Yet there is one bright spot. Researchers have found that restoring and treating small forests locally is a cost-effective way to manage the disease. Scientists are using the computer model to help local management efforts and prioritize trees for protection.
Tree-lined street
Researcher David Nowak with the US Forest Service advises: "if you can only plant one tree, plant it in a city."
Nowak is one of the creators of i-Tree, a software program that inventories urban canopies and their dollar value. He estimates that trees save cities millions of dollars each year through reduced energy costs, reduced air and water pollutants, and increased carbon sequestration.
The i-Tree software used to calculate these values continues to evolve as new metrics are added. Right now Nowak is working to quantify the value of trees in reducing stress. He hopes that tools like i-Tree will help cities think strategically about public health and sustainability, and recognize the true value of a healthy urban forest.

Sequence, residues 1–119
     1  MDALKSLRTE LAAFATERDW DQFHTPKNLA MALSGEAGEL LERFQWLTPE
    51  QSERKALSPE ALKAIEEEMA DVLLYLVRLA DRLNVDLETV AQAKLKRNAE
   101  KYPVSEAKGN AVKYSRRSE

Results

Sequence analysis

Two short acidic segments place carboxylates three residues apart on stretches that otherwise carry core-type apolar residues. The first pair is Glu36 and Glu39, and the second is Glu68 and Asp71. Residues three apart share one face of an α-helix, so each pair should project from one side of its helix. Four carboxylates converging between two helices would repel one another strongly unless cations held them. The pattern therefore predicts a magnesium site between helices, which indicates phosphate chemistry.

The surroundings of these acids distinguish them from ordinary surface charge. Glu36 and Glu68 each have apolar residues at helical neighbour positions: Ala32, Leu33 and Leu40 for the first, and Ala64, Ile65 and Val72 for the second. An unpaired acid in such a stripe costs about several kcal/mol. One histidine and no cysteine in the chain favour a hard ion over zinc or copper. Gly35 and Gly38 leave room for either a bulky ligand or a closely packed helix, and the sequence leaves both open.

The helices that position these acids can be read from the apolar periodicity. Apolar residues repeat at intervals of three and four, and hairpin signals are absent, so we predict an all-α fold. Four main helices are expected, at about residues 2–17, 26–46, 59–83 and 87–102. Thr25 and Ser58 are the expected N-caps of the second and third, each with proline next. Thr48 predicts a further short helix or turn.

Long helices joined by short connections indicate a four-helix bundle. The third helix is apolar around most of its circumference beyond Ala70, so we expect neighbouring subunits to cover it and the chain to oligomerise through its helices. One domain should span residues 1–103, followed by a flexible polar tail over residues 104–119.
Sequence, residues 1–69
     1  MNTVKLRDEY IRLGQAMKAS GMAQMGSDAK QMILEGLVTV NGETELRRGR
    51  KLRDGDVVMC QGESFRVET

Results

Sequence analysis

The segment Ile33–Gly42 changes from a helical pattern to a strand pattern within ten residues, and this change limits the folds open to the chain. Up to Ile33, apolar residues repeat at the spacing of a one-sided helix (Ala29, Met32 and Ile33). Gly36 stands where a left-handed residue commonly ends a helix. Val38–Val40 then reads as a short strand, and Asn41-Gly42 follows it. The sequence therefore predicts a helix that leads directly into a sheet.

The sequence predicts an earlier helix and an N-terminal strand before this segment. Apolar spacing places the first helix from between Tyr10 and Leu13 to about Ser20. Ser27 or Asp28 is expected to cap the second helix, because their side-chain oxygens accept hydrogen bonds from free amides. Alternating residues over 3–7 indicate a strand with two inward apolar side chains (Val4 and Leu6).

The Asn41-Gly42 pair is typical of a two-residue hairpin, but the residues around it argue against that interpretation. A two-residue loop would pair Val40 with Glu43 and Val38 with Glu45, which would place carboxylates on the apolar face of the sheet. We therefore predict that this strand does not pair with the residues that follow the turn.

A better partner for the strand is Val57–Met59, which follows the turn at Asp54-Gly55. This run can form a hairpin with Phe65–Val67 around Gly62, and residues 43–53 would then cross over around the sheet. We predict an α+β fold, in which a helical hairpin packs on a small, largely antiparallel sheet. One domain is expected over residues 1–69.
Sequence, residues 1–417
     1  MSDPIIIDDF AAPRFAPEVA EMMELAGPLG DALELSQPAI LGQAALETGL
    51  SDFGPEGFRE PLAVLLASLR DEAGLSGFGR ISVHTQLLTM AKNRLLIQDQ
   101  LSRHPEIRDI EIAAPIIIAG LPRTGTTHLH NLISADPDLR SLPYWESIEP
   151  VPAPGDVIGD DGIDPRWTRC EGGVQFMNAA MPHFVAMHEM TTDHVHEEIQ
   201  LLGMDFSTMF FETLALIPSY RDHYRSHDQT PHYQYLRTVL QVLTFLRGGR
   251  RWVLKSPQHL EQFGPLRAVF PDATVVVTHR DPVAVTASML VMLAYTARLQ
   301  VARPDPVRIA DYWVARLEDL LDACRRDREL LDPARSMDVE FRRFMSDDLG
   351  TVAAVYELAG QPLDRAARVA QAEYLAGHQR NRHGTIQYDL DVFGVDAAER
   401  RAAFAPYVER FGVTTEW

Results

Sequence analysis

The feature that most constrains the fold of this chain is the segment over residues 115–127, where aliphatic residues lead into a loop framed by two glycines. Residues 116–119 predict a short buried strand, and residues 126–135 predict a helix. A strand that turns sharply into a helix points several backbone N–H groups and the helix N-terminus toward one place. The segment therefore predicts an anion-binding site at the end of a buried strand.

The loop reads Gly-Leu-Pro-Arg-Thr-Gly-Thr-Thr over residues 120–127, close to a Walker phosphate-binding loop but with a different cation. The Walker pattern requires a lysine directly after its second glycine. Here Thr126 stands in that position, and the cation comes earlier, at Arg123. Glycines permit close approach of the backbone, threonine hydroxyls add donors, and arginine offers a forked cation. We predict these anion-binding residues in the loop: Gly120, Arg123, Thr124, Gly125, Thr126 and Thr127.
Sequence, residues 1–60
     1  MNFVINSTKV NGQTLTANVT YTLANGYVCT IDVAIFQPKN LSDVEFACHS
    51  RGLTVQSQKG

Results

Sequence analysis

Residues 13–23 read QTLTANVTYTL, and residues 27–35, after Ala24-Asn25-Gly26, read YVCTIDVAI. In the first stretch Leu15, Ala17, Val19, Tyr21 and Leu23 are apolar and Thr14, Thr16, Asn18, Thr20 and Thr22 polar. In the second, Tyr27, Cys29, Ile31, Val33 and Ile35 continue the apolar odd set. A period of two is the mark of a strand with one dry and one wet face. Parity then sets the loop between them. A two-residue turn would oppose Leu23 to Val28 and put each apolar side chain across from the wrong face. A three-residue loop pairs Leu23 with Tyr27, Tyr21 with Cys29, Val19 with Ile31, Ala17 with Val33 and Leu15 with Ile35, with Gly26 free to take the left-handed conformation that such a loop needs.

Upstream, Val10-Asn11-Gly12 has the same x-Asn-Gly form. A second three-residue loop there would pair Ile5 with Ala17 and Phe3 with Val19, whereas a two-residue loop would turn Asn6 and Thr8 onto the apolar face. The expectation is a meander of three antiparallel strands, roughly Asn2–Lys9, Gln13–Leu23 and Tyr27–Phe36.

The gift of a cleaner future
April Tree Gifts and Dedications:
April 1st - 30th, 2016

Stepheny McGraw

in honor of Catherine Martineau

Special thanks to recent Grantors:
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Great news! Canopy is one of the first organizations to receive the Platinum Seal of Transparency from GuideStar, the world's largest source of nonprofit information.
GuideStar recently launched the Platinum participation level to help nonprofits share and celebrate their results. By sharing these metrics, we help the sector move beyond simplistic financial ratios to assess nonprofit progress.
Canopy 20 Years
Canopy plants and cares for trees where people need them the most. We bring the life-giving benefits of trees to the schools, neighborhoods, and public spaces of the San Francisco Mid-Peninsula.

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Canopy - 3921 East Bayshore Road, Palo Alto - 650.964.6110